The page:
Whose woods these are I think I know.
His house is in the village though;
He will not see me stopping here
To watch his woods fill up with snow.
My little horse must think it queer
To stop without a farmhouse near
Between the woods and frozen lake
The darkest evening of the year.
He gives his harness bells a shake
To ask if there is some mistake.
The only other sound’s the sweep
Of easy wind and downy flake.
The woods are lovely, dark and deep.
But I have promises to keep,
And miles to go before I sleep,
And miles to go before I sleep.
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Robert Frost's Personal Life
Robert Lee Frost (1874-1963) was one of the most famous poets during the Post WWII and Modernism literary eras. His poetry is characterized by sad and pessimistic tones, as his personal life was full of grief. Robert Frost is widely known for his associations with rural life and rural motifs are common in his works. Robert Lee Frost was born in San Francisco, California, on March 26, 1874. When his father died, in 1885, the family moved to Lawrence, Massachusetts. He attended Dartmouth College for two months, and then returned home to teach and to work various jobs. However, he did not enjoy doing anything else but writing poetry. In 1894, he sold his first poem, My Butterfly: An Elegy for $15. Shortly before dying, Robert’s grandfather purchased a farm for Robert and his wife, Elinor, in Derry, New Hampshire, and Robert worked the farm for nine years, where he produced many poems that later became famous. When his farming career proved to be unsuccessful, Robert worked as an English teacher in different place. In 1912, he and his family sailed to Great Britain. His first book of poetry, A Boy’s Will, was published next year. As World War I began, Frost returned to America in 1915 and bought a farm in Franconia, New Hampshire, where he launched a career of writing, teaching, and lecturing. For forty-two years – from 1921 to 1963 – Frost spent almost every summer and fall teaching at the Bread Loaf School of English of Middlebury College. Frost died in Boston on January 29, 1963 of complications from prostate surgery. Robert Frost’s his personal life was plagued with loss and grief. In 1885, when Robert was eleven years old, his father died of tuberculosis, leaving the family with only eight dollars. Five years later, his mother passed away due to cancer. Mental illness was common in the family as well: both Robert and his mother suffered from depression. Additionally, Robert had to commit his younger sister, Jeanie, and his daughter, Irma, to mental hospital. All of these losses resulted in his poetry having pessimistic and menacing undertones, which are often unrecognized or unanalyzed (Wikipedia).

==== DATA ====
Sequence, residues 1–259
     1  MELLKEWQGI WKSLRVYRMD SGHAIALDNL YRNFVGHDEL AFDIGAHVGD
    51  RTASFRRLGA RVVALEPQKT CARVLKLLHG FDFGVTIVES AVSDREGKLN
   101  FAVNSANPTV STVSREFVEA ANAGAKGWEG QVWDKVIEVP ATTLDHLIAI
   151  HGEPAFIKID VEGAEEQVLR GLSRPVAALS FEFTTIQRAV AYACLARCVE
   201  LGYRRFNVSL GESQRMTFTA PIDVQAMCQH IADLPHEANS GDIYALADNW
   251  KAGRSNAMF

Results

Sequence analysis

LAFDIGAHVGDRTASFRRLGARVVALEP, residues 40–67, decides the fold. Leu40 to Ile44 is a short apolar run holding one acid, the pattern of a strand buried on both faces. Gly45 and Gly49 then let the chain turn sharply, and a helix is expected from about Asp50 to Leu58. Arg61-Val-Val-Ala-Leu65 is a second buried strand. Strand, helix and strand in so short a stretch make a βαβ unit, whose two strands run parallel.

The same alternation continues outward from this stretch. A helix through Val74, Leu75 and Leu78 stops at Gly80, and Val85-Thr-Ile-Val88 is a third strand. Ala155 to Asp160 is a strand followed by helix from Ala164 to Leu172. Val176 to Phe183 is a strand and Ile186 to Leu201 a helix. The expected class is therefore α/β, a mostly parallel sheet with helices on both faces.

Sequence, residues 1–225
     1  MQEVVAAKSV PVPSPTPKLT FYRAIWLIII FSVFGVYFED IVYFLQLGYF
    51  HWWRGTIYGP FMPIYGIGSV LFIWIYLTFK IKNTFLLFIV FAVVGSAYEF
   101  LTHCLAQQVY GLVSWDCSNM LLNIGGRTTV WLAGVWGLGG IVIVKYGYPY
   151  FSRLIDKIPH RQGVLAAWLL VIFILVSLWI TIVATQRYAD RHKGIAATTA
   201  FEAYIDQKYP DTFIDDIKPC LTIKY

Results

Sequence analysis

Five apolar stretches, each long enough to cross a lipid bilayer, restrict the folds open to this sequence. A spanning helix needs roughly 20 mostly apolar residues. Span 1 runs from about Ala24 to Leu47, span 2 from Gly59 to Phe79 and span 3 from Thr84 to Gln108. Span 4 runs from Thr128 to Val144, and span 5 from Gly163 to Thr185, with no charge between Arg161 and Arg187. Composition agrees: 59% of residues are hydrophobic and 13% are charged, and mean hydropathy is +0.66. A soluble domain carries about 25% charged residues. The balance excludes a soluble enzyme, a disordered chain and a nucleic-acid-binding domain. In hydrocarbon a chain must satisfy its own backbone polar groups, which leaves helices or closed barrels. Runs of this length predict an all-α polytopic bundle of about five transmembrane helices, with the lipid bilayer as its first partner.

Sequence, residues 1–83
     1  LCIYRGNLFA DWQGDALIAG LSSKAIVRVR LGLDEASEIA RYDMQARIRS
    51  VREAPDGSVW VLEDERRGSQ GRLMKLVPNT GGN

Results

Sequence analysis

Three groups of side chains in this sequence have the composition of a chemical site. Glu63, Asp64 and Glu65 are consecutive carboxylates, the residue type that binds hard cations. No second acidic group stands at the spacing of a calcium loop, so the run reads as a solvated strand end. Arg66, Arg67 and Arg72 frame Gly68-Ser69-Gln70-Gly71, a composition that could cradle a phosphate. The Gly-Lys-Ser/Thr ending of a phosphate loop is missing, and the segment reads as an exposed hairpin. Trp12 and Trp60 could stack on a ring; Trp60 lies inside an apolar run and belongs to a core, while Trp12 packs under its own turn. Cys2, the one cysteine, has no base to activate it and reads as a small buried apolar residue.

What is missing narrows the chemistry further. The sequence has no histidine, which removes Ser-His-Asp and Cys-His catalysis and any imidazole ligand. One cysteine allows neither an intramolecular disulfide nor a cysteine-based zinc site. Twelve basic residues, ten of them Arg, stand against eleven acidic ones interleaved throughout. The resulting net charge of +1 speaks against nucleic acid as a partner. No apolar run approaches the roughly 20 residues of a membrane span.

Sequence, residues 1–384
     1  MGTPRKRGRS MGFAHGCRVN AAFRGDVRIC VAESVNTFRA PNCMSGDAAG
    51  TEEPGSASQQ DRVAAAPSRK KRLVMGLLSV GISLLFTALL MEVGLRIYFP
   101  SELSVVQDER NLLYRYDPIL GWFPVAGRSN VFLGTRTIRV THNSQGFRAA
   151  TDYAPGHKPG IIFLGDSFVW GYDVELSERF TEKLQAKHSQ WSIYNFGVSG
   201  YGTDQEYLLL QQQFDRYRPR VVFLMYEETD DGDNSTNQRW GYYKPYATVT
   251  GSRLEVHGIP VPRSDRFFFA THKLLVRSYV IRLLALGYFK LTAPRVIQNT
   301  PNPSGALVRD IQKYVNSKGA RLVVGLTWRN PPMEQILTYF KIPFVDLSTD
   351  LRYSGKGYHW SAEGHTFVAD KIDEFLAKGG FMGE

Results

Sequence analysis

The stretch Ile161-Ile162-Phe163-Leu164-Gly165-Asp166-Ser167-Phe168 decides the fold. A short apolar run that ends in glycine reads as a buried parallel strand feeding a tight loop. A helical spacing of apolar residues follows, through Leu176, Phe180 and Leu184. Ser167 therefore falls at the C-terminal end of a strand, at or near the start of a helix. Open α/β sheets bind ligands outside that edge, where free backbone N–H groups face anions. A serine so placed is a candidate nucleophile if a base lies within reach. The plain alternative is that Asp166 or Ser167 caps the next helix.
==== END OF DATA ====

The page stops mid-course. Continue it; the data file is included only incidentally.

The Analysis of the Poem
Stopping by Woods on a Snowy Evening was published in 1923, in a collection of poems called New Hampshire. The poem is a lyric poem and is written in iambic tetrameter – having eight syllables per line. The rhyme scheme of the poem is “a, a, b, a” for the first three stanzas, while the last stanza is “a, a, a, a.” However, the third line (b) of every stanza gives the rhyme for the next stanza (SparkNotes). In the poem, the speaker seems to be travelling through the woods with his partner – the horse. Although the speaker says, “he will not see me stopping here,” in the second stanza, a reader could imply that the speaker would want to stop. However, his partner, the horse, disagrees and tries to prevent the speaker from stopping. In the third stanza, the poet personifies the horse, saying that it “asks if there is some mistake,” to emphasize that the horse does not want to stop. Eventually, although the woods are attractive, the speaker realizes that he has to keep going because he has promises to keep and does not want to disappoint the person to whom he has made a promise. Everybody interprets the poem in a different way. Since the speaker is talking about the woods and how attractive they are, and about a different path, the poem can be understood as if there were two worlds: the woods, “a world offering perfect quiet and solitude,” and the other world, where the poet wants to keep going to (Ogilvie). The speaker cannot decide which path to choose, because both worlds have things that attract him: the woods offer quiet and solitude, while the other world has people and social obligations (Ogilvie). Although the social responsibility proves to be stronger than the attraction of woods, the speaker has not moved at the end of the poem (Ogilvie). Since Frost’s life was plagued with grief and loss, I think that the poet is trying to his feelings, while experiencing difficulties and hardships. The woods symbolize the troubles the speaker has in his life. The alliteration of o and oo sounds implies that the woods are scary and mysterious. By saying “his house is in the village, though”, the speaker explains that his goal – “the house” is in the village, which is in the woods – surrounded by the troubles and difficulties. The speaker says “he will not see me stopping there” to show that he has the strength of going farther and no troubles will disturb him. Additionally to the woods, snow creates even bigger difficulties, and to emphasize that, the poet uses hyperbole: “woods fill up with snow.” The speaker’s little horse does not want to stop and tries to persuade the speaker not to give up and keep going through the difficulties. The hyperbole, “the darkest evening of the year,” emphasizes that particularly this time is extremely hard for the speaker. The horse tries to make the speaker resist giving up by “giving his harness bells a shake.” The mood of the poem changes in the second part of the third stanza, when the speaker mentions that the only other sounds are the wind and falling flakes. This creates a calm and bright mood, and, eventually, in the last poem, the speaker realizes that he has to keep going, because he has promises to keep before he goes to sleep. In this poem, sleep means death, and the speaker is saying that before he dies, he has to do many things